Report: One-third of Israeli Children Are Poor – 55% Increase in 15 Years

In 2013, 66.4 percent of Arab children were living below the poverty line, compared to 20 percent of Jewish children

Yarden Skop
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Siblings from a Nahariya household that lives below the poverty line, which is 8,500 shekels a month after tax for a family of five.Credit: Adrian Herbstein
Yarden Skop

Almost one-third of Israeli children lived below the poverty line in 2013 – an increase of about 55 percent since 1998 – according to the annual report of the Israel National Council for the Child published Thursday morning. At the end of 2013 there were 2,682,160 children living in Israel – 32.9 percent of the population – with 826,105 of them living in poverty.

This represents a decline compared to the previous year, but the situation assessment in the annual report is still harsh: In the past three decades the percentage of poor children quadrupled (from 8.1 percent in 1980 to 30.8 percent in 2013).

The council’s researchers noted that the slight decrease in the percentage of children below the poverty line in 2013 as compared to 2012 stemmed from changes in the methods of measurement.

Last year about 20 percent of Jewish children and 66.4 percent of non-Jewish children were living below the poverty line – a higher percentage than in 2010, when the figure was 65.8 percent. That year only 4.9 percent of all the poor children were rescued from poverty thanks to child allowances, compared to 10.5 percent in 2000.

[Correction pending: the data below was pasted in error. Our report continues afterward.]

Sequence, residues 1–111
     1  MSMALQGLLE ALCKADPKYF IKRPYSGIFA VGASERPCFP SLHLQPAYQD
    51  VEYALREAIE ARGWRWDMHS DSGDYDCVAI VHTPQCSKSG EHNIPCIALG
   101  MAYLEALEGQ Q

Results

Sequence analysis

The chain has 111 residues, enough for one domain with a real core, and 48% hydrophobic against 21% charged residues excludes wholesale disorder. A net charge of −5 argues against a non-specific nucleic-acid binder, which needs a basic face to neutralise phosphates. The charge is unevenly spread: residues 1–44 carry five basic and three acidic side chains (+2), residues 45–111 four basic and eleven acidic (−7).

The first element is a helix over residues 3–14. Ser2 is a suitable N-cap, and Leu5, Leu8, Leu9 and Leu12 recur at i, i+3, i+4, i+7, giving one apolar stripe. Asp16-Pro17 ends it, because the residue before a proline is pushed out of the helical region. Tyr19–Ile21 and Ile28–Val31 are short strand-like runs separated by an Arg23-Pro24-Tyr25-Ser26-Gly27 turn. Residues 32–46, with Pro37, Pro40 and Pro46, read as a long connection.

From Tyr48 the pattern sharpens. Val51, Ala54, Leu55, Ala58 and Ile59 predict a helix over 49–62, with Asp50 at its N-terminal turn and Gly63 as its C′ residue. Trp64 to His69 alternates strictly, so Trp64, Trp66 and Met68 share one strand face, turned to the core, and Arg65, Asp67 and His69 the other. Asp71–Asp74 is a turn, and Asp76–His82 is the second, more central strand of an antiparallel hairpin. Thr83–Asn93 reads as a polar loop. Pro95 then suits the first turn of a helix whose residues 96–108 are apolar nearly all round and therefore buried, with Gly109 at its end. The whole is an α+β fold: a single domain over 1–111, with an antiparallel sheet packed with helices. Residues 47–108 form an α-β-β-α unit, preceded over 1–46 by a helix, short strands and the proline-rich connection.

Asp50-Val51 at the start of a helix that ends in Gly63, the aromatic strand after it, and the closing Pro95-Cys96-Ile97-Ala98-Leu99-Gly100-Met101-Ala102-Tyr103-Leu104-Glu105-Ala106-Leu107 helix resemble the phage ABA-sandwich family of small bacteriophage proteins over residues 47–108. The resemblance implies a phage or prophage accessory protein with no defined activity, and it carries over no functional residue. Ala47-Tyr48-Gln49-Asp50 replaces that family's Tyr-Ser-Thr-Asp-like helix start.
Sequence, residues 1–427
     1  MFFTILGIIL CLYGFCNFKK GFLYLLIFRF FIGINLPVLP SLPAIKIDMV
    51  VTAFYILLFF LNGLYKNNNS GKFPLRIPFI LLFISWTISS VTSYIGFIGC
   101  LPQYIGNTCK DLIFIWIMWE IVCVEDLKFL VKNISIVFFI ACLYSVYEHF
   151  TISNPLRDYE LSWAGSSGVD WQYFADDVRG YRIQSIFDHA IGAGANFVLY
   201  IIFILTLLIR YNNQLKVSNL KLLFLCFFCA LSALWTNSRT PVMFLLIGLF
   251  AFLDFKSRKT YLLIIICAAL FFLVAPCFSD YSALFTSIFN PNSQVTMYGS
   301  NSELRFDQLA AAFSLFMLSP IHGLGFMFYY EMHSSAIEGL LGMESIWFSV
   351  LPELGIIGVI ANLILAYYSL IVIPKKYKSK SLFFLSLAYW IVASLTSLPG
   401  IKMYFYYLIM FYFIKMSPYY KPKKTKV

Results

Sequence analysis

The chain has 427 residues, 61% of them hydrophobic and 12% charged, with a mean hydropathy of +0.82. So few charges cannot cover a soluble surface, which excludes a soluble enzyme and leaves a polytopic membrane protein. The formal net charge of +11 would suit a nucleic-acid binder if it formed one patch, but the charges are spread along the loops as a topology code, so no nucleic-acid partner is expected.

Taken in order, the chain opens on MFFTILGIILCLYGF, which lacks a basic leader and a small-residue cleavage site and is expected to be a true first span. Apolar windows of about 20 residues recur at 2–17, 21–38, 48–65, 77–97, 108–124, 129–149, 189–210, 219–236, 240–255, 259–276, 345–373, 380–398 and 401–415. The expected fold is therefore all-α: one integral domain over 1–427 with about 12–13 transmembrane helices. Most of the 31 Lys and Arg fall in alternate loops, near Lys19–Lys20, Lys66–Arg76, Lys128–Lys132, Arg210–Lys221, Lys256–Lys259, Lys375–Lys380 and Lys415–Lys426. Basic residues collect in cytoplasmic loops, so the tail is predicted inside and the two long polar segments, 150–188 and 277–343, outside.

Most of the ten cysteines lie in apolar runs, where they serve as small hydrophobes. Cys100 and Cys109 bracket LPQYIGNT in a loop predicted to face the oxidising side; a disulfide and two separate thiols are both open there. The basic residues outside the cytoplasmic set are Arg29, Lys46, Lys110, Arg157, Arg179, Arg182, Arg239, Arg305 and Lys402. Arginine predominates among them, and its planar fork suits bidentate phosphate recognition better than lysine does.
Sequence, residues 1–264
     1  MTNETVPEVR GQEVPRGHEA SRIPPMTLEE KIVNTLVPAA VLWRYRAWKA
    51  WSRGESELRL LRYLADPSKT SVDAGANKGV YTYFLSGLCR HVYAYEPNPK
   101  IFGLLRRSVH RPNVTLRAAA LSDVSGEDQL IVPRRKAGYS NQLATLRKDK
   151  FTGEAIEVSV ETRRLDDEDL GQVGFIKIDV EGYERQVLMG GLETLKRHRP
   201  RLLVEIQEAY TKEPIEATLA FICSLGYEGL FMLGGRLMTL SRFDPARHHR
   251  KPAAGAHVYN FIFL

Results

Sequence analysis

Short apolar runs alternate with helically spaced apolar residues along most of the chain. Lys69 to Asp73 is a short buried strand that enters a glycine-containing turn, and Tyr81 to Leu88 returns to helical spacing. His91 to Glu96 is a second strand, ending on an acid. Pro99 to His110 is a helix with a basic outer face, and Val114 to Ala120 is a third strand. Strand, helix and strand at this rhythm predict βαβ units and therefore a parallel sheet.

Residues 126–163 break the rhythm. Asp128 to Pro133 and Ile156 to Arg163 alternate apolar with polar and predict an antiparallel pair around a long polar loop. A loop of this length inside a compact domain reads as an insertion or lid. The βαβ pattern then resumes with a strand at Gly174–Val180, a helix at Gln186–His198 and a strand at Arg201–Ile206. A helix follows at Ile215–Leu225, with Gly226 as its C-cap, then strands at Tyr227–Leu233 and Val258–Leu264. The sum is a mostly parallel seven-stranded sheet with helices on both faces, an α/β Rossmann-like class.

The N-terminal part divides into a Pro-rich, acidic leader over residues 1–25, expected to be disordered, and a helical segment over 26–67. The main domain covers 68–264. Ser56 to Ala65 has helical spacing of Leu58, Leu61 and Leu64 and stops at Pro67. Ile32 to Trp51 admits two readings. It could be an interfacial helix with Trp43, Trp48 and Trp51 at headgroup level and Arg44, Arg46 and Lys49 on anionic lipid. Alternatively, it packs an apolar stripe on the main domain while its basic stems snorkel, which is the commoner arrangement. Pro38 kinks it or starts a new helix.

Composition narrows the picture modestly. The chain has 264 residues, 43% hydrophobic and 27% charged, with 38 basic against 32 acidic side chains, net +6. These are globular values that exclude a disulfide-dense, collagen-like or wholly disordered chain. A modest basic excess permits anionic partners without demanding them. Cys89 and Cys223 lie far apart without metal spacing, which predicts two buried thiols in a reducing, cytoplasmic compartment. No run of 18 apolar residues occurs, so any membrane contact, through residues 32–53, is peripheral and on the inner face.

In 2013 the percentage of teenagers who worked was the highest since 2000: 8.6 percent. Since 2006 the percentage of students who reported going to school or to bed hungry clearly increased, especially boys in the Arab sector (37.1 percent).

In regard to children’s health, the report indicates that 21.3 percent of first-graders and 30.4 percent of seventh-graders suffer from overweight and obesity. The percentage of overweight children is highest in the Arab sector, where 2.4 percent of first-graders and 3.7 percent of seventh- graders are underweight.

It was also found that from 2008 to 2012 the number of children who were prescribed Ritalin and its substitutes almost doubled. About 50 percent of children prescribed these drugs are aged 10-14, and over a quarter are aged 5-9.

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